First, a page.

After a 122-103 pounding at Oracle Arena, the Cleveland Cavaliers head back to the Q down 0-2 to the Golden State Warriors in the NBA Finals. The Cavs didn’t play as well as they did in Game 1, but they weren’t bad, the Warriors were just much better. Game 2 was won by Golden State, rather than lost by Cleveland.
As a team, the Cavaliers shot 37-90 from the field, or 41%, compared to the Warriors’ 47-82, or 57%. From beyond the arc, Cleveland went 9-27 (33%) and Golden State was 15-36 (41%). Stephen Curry alone hit as many threes as the entire Cavs roster. The Warriors just shot the ball much better than the Cavs. There’s not a whole lot you can do about that.
Cleveland’s perimeter defense wasn’t bad, although they gave Golden State plenty of easy buckets inside early in the game. This lack of shot contention lead to only 15 fouls being called on the Cavs, compared to 25 for the Warriors.
Cleveland went 20-26 from the stripe, while Golden State was just 13-21. Free throw shooting was something that the Cavs needed to do better than the Warriors to have a chance. However, even meeting this goal wasn’t nearly enough.
Another big indicator of success is the fast break, and the Cavs kept things close, being outscored 17-12 by the Warriors. But again, it wasn’t enough.
LeBron James again led the Cavs in scoring with 29 points on 10-20 shooting, along with nine rebounds, 13 assists, and two steals. The amount of missed shots off his passes so far in this series is staggering; he should have around 50 assists instead of 21.
James attempted only three shots in the fourth quarter, as the game snowballed out of control early, and he was able to sit for the final four minutes.
Kevin Love scored 22 points and grabbed 10 boards, but he was just 7-18 from the field. In the first half, he was just 2-10, so he was much more efficient after halftime. But Love needs to be more consistent over the entirety of the game, and that may require a change in playing style.
Love excels at drawing fouls in the post, but the referees so far have not been giving him calls, instead opting to allow the players more room physically. There were a few instances of Love driving hard to the basket through contact and finishing. This needs to happen much more often, rather than him backing down a smaller player, missing a turnaround shot and hoping for a foul.
George Hill had a decent game, scoring 15 points on 5-12 shooting and playing solid defense. The more catch-and-shoot opportunities Hill gets behind the three-point line the better.
Tristan Thompson had a confusing performance. He scored 11 points, but only grabbed five rebounds. Both Curry and Shaun Livingston had more rebounds than Thompson. For a player on the floor to rebound, this is unacceptable.
J.R. Smith was the only starter not to reach double digits in points, finishing with five points on 2-9 shooting. Smith has played very poorly this series, and his playing time would be much less than it is now if Dwyane Wade were still on the team or if Rodney Hood wasn’t in Ty Lue’s doghouse.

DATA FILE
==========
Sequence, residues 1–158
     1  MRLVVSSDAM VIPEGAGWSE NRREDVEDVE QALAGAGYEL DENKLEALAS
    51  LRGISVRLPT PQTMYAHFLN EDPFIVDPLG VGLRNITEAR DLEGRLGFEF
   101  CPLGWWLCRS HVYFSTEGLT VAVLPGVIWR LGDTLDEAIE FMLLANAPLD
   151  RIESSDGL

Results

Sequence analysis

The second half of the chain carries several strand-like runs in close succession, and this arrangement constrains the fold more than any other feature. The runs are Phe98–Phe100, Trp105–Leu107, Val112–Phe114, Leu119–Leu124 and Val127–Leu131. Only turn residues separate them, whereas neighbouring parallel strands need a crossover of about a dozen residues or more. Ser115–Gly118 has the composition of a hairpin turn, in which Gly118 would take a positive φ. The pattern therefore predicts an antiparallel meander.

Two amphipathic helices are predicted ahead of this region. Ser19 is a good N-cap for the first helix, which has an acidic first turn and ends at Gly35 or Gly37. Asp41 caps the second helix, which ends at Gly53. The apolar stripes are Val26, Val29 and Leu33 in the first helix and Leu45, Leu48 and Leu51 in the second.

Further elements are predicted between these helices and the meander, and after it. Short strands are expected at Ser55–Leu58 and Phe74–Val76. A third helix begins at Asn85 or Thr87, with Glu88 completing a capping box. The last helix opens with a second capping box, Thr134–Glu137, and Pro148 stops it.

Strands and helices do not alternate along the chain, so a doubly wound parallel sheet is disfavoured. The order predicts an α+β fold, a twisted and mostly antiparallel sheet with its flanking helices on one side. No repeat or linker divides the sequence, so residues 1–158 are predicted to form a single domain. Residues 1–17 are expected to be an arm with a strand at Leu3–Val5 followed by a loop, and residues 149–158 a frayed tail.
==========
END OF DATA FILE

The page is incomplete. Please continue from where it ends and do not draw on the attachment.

Excluding garbage time, the Cavaliers bench combined for 11 points. A pathetic outing from the reserves with some players doing worse than others. Kyle Korver was able to attempt only three shots in his minutes, making none. Jeff Green had six points on 2-7 shooting in 20 minutes, and Larry Nance Jr. missed his only shot attempt while playing for 12 minutes.
Speaking of garbage time, the Cavs were able to empty their bench, and things didn’t go too poorly. Ante Zizic had two points in three minutes; Cedi Osman had two points and a rebound in four minutes; Jose Calderon had four points, two rebounds, and an assist; and a Rodney Hood sighting was made, as the shooting guard had two points, a rebound, and an assist.
Obviously, things aren’t working out so well for the Cavaliers right now, so maybe it’s time to replace players like Smith and Jordan Clarkson with the younger guys for a few minutes here and there.
After an off night in Game 1, Kevin Durant rebounded in a big way, scoring 26 points on 10-14 shooting. He also had nine rebounds and seven assists. He was able to play much better in part because he had defensive mismatches often, as George Hill and Kevin Love found themselves guarding Durant all too often. Jeff Green needs to play more as he is Cleveland’s best defensive option against Durant, aside from LeBron James.
But the biggest story of the night was Stephen Curry, who scored 33 points on an NBA Finals record nine three-pointers. The shots he knocked down were just ridiculous, including a buzzer-beating heave from nearly half-court after nearly losing the ball, and a three-pointer while he fell out of bounds after drawing a foul from Kevin Love. There’s not much the Cavaliers can do when Curry is on fire like he was on Sunday.
The Cavs historically play much better at home, and they hope that trend continues over the next two games. Both games are must wins, as losing another NBA Finals in Cleveland would be devastating.